Chances are, you’re reading this article because you’re looking for a place to watch newly released movies online. While there’s nothing wrong with that, you definitely shouldn’t ignore all of the fantastic older films the internet has to offer. Archive.org offers a veritable treasure trove of old movies you’ve probably never heard of, as well as a handful that you’ll recognize.
The Archive — which is also the home of the famous Wayback Machine that shows you how the internet used to be — has silent films, black-and-white horror flicks, obscure sci-fi movies, and an assortment of other movies. It might not have all the fancy CGI you’ve grown so accustomed to, but we’ve found that the occasional throwback is a great way to mix things up.
Big Five Glories
Big Five Glories received a stylistic overhaul in the last year or two, and it looks great. If the name seems kind of corny, that’s because the folks behind the project spent their time compiling hundreds of free movies from the ’20s to the ’50s — aka the “Golden Age” of Hollywood — instead of coming up with a hip and edgy name. (If you’re curious, it’s a reference to the big five movie houses: 20th Century Fox, RKO Pictures, Paramount Pictures, Warner Bros., and Metro-Goldwyn-Mayer.) If your idea of a fun weekend is kicking back and watching Turner Classic Movies, then you’ll dig Big Five Glories.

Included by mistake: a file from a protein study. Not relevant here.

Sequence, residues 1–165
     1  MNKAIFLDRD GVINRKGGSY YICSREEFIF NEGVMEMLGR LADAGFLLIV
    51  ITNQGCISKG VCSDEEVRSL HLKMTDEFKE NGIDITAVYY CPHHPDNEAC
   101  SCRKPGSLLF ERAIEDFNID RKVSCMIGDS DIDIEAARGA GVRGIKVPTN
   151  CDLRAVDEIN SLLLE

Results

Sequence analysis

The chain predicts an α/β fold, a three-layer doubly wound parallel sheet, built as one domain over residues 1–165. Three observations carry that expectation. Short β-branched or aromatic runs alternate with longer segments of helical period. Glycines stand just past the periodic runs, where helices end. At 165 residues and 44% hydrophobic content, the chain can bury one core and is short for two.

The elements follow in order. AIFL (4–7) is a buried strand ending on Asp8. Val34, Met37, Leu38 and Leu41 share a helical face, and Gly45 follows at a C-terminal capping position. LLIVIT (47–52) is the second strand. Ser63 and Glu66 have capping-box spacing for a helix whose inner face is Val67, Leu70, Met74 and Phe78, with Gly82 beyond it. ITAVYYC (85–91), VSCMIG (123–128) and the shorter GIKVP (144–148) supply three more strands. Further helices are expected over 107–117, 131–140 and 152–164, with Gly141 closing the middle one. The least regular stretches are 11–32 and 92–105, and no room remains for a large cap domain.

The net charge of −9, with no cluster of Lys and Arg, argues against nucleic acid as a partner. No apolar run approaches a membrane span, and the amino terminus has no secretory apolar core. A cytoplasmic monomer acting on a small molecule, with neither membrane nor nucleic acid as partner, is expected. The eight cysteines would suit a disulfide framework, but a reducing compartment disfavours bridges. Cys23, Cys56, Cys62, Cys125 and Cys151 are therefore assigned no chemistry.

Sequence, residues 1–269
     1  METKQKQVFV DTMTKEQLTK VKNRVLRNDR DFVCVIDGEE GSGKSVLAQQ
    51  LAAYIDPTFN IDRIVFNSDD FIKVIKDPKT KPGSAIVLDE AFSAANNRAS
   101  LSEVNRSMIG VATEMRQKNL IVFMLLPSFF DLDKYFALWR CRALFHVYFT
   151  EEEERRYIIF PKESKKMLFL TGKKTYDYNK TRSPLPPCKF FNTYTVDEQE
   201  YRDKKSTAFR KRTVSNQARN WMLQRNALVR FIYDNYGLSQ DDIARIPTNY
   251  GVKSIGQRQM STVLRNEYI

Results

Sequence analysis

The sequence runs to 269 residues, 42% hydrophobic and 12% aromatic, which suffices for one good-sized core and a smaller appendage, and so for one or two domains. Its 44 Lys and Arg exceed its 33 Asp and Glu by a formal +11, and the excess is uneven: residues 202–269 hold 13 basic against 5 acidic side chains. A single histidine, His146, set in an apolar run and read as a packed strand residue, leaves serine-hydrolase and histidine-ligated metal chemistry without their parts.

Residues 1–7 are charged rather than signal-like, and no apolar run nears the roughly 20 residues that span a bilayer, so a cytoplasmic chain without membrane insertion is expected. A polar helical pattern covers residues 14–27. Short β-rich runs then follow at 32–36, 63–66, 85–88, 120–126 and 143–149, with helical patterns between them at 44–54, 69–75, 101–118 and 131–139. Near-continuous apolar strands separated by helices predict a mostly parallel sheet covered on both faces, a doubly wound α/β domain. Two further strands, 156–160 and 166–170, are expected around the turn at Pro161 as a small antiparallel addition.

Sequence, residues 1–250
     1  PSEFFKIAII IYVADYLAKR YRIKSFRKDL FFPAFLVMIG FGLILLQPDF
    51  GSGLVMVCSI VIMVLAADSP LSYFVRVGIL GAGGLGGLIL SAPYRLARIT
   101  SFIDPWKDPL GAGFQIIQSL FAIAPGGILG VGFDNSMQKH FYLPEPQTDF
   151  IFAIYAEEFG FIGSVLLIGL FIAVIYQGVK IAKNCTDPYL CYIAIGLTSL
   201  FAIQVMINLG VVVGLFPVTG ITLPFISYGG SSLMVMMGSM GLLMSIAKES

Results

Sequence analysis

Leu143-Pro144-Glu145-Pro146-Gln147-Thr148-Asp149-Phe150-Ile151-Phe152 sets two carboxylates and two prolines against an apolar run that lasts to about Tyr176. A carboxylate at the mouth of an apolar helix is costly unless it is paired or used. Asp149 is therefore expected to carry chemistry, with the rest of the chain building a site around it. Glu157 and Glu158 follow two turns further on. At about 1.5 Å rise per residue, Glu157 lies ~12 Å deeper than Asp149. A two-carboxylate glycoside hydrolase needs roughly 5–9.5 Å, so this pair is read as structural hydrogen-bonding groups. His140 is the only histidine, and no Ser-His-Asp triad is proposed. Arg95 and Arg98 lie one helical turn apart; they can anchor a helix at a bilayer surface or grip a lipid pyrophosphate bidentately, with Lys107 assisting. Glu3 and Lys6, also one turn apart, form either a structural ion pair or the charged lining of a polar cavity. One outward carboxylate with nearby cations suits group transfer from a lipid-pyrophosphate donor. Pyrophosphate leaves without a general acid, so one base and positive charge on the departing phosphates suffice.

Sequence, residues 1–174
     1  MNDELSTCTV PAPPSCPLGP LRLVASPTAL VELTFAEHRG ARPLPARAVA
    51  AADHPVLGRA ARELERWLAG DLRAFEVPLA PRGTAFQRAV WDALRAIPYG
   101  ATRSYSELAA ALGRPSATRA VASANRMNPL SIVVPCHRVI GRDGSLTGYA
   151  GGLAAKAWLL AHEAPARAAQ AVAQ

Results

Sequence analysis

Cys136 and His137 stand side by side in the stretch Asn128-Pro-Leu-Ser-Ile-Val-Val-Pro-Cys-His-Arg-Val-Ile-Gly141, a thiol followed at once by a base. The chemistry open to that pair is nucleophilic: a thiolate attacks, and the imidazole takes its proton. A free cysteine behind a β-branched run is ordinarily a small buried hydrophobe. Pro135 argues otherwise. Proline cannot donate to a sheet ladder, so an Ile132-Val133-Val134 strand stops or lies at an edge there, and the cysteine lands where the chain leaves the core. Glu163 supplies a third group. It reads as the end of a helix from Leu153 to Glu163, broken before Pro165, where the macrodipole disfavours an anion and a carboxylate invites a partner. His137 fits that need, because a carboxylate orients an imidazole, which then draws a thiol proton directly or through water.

Open Culture is designed to be your one-stop shop for all things free and cultured. The site offers hundreds of free online classes to enroll in, thousands of free ebooks to read, and hours upon hours of lectures from prominent figures such as Carl Sagan and Leonard Bernstein. It also offers a ton of free movies. Here, you’ll find everything from silent and Hitchcock-helmed projects to Westerns and film noir. The site even houses some early shorts by legends like Quentin Tarantino and Stanley Kubrick. Open Culture may be difficult to navigate, but with more than 1,150 free movies available, it’s definitely worth the slog.
Retrovision is another public domain site that features hundreds of classic movies from several different eras. The word “classic” might be up for interpretation — there are some films here that were made as recently as last year, and not all of Retrovision’s movies are high-quality — but semantics are semantics. Retrovision is still a well-designed site that allows users to filter based on genre. It’s also not limited to feature-length movies, either, as there’s a robust collection of classic TV shows to choose from (see: Popeye and Star Trek).